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Exploring the Building Blocks of 'Employee Lifetime Value'

This FORUM/PIC white paper offers a new perspective on measurement

Historically, employees have been treated as cost creators, rather than as value creators. While it has been relatively easy to associate value with sales performers who generate revenue, the value non-sales performers contribute to an organization has been much harder to quantify.

New technology enables managers to accumulate extensive information about organizational performance at an individual employee level. Furthermore, any organization, regardless of industry, size, revenue or number of employees, can take the first step to estimating the value contributed by their employees.


What is ELTV?

Employee lifetime value (ELTV) is a quantitative measure of the long-term financial contribution an employee makes to an organization. The most obvious way to represent the value of an employee is by identifying measurable flows of money to an organization that can be directly attributed to an employee’s performance. The best example is revenue generated by a field salesperson whose incremental financial contributions to an organization can be directly measured. Other employee situations where financial contributions can be directly attributable include certain retail sales clerks, service personnel in health care, financial services and travel services, among others. There are, however, other areas where employees create value for their firms that, while not as easy to measure, can be systematically quantified. These critical areas include:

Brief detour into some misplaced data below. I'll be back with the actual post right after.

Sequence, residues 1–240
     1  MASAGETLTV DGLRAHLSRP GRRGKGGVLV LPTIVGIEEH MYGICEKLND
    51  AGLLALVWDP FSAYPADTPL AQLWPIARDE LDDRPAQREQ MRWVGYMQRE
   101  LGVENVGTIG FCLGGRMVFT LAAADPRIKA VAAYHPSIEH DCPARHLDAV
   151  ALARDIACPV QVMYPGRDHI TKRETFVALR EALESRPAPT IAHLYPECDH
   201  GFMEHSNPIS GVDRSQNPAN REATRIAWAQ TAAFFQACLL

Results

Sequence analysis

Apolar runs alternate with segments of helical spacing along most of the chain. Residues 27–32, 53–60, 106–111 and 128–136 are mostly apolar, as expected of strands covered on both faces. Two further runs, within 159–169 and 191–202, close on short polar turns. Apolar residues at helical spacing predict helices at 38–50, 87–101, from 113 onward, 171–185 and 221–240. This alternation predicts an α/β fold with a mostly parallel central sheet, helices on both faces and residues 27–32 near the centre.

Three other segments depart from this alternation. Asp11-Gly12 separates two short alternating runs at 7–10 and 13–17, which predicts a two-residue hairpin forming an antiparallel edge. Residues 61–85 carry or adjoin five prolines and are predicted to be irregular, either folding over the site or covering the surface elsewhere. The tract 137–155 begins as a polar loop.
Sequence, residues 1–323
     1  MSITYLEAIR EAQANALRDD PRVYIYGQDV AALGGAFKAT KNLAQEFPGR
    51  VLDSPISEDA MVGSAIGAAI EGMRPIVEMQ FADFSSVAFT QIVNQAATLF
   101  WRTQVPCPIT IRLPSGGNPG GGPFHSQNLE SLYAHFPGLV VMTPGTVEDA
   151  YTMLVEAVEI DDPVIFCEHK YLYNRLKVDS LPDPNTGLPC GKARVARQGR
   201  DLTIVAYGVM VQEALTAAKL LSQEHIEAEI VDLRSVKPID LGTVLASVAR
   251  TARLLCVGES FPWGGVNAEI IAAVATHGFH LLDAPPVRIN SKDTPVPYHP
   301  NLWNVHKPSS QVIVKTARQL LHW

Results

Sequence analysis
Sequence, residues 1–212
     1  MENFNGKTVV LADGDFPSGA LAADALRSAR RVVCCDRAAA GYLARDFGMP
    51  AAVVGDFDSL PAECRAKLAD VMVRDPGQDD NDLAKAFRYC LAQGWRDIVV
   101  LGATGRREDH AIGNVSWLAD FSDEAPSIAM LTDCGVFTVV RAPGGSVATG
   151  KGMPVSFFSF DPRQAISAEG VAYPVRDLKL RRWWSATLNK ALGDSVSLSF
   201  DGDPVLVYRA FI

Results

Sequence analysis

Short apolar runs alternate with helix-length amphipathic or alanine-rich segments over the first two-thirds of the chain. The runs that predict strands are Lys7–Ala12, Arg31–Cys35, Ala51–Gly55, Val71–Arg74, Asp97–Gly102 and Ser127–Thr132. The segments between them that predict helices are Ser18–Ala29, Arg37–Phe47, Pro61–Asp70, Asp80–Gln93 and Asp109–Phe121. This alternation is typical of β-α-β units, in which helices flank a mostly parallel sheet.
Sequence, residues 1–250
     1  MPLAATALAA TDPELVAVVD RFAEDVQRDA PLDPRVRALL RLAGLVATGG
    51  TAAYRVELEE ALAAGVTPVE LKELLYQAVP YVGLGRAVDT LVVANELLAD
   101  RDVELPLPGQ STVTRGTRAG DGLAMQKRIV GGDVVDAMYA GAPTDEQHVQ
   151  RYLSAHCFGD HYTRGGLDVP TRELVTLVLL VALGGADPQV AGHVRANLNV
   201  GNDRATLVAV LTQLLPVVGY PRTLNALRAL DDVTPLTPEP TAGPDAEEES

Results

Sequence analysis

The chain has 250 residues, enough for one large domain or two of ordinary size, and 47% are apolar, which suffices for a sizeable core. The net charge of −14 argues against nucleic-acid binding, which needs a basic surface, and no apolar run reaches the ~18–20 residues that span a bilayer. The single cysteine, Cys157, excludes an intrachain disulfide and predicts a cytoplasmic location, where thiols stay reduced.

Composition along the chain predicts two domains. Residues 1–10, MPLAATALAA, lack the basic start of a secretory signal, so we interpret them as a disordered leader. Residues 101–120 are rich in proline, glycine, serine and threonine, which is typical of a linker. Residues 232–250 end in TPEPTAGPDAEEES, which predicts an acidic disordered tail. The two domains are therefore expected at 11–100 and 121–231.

• Referral activity: Non-selling employees convince people to be customers.
  • Cost savings and efficiencies: Employees identify or implement cost savings in production, purchasing, distribution, pricing or other areas.

In addition, there are a number of ways employees create value that are much harder to measure, but have a clear qualitative impact on the organization:

  • Employee enthusiasm helping make a company look attractive to potential customers or employees.
  • Creative and innovative employees helping organizations deliver superior and competitive processes, products and services.
  • Employees generating good will through interpersonal relationships, inside and outside the workplace.
  • Cultural effects such as more efficient processes or positive contribution to a company’s defined values.

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The Bottom Line

It is clear that value is not limited to direct, measurable cash in-flows. But some activities that clearly create value are difficult to measure and, because of this, often go unrecognized by management. As ELTV measurement matures as a management practice, more complete assessments of employee contributions will be incorporated into ELTV models.